The intense sunlight can also cause the fruit to become bitter-tasting fruit and misshapen.
Providing cucumber plants with the right amount of sunlight and shade is essential to prevent these issues.
Cucumber plants typically require 6-8 hours of direct sunlight per day. However, if that intense direct sunlight is not possible, they can still grow in partial or full shade.
If you live in an area with hot summers, protecting your cucumber plants from excessive heat and sun exposure is especially important. You can do this by providing them with shade cloth or planting them in an area with afternoon shade. (Read Sunburned Succulent – What To Do)
Regarding harvesting fresh cucumbers, though, timing is everything. Here are some tips to help you harvest your cucumbers like a pro.
First, you should know that there are many varieties of cucumbers, each with its unique characteristics.
Some common cucumber varieties include sweet slice, tasty green, and lemon cucumbers.
Ensure you know what type of cucumber plant you must harvest correctly. An example is to harvest lemon cucumbers as they turn yellow and let no lemon cucumber get too large as they taste bitter.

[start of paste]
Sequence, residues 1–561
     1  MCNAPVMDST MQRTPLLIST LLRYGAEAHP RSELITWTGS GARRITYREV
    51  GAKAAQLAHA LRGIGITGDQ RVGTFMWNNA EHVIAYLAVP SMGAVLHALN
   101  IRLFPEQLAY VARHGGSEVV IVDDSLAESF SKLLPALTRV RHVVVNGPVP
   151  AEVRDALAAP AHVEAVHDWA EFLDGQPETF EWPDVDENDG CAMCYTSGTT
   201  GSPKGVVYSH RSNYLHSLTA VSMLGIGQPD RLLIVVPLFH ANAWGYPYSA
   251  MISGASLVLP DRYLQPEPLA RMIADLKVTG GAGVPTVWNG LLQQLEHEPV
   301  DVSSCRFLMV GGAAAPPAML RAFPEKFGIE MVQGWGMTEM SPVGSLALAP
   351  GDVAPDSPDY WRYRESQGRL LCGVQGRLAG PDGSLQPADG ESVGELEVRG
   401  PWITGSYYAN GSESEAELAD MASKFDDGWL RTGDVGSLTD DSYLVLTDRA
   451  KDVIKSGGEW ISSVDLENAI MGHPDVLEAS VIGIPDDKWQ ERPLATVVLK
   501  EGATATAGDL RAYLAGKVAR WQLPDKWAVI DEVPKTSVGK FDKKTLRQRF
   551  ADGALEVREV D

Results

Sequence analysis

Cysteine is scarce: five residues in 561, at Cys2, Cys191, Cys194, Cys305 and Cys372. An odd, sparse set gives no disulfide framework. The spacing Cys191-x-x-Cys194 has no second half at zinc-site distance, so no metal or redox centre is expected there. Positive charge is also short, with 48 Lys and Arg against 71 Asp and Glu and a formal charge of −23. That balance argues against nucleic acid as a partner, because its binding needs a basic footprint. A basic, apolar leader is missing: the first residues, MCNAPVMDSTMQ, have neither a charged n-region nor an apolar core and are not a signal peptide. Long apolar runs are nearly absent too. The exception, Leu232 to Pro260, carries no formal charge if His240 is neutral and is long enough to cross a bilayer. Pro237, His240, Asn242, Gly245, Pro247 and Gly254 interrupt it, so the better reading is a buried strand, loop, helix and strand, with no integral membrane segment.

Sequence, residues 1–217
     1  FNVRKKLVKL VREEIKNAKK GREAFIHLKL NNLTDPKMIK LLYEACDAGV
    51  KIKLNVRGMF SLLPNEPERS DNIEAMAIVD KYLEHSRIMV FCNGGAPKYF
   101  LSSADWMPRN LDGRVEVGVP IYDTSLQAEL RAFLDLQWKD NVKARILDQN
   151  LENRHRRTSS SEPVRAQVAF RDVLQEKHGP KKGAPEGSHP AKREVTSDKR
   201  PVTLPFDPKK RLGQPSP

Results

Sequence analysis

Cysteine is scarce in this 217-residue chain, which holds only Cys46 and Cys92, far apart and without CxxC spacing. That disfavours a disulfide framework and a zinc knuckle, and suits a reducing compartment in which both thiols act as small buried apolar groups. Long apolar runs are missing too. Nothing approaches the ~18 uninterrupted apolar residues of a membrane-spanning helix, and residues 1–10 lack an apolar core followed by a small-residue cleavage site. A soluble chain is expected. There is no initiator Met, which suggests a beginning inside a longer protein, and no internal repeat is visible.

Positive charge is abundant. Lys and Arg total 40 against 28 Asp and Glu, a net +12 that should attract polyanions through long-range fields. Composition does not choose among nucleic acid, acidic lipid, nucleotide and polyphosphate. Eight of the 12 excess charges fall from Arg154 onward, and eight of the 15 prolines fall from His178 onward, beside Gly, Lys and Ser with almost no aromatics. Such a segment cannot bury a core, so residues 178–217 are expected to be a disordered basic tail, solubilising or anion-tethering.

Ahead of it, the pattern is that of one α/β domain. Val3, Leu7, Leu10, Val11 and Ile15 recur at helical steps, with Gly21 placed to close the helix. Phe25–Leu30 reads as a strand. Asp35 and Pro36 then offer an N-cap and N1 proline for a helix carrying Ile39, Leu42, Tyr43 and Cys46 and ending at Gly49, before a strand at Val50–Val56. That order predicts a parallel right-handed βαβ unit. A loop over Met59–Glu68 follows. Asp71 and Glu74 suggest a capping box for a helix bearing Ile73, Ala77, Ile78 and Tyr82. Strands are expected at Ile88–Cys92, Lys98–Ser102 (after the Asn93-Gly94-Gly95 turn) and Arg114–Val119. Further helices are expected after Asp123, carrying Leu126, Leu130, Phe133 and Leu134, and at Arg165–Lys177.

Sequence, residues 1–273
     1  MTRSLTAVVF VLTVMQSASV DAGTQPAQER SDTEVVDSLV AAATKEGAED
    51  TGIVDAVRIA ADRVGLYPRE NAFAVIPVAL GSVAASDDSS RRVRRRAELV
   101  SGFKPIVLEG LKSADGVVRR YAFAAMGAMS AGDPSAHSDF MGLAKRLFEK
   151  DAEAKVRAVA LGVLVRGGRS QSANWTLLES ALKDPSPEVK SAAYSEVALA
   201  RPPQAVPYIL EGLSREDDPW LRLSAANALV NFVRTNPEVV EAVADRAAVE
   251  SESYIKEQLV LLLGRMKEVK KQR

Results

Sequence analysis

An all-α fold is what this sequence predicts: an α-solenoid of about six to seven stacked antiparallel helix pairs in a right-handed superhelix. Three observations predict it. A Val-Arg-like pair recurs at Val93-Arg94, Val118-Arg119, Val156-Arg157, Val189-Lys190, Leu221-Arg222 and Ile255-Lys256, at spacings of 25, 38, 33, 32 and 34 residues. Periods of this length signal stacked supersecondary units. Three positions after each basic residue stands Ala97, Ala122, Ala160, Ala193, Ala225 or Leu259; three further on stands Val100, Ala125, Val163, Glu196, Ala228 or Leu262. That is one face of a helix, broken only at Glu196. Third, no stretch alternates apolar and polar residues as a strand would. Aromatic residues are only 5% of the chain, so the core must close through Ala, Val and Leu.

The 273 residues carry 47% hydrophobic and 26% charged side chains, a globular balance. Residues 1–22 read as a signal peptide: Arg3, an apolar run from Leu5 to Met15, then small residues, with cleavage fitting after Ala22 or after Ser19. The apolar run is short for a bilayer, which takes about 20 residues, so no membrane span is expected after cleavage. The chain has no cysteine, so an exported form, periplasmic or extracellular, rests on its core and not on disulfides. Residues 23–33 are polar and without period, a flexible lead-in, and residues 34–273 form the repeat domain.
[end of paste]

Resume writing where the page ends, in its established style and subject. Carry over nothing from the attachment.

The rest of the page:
The Armenian cucumber will be pale and curled in comparison.
Cucumber plants grow quickly; you’ll see small cucumber-shaped swellings on the vines within a few weeks of planting.
You can harvest cucumbers once you see the small cucumber-shaped swelling appropriate for the variety. For example, pickling cucumbers should be harvested when they are about 2 inches long, while burpless cucumbers can be up to 10 inches long.
Grasp the fruit and gently twist it off the vine to harvest cucumbers. Be careful not to damage the plant or any other fruit that may be nearby. If the fruit production of the cucumber is challenging to remove, use scissors to cut the stem.
It’s important to note that cucumbers taste bitter if left on the vine for too long. So, ensure you harvest them regularly to keep them fresh, eating the plant, and produce new fruit.
If you pick cucumbers and notice any yellowing or wrinkling on them, it’s a sign it’s overripe and past its prime.
If you see baby cucumber varieties fall, this means the female flowers haven’t been pollinated. You can quickly pollinate female flowers using a paintbrush and gather pollen from the male.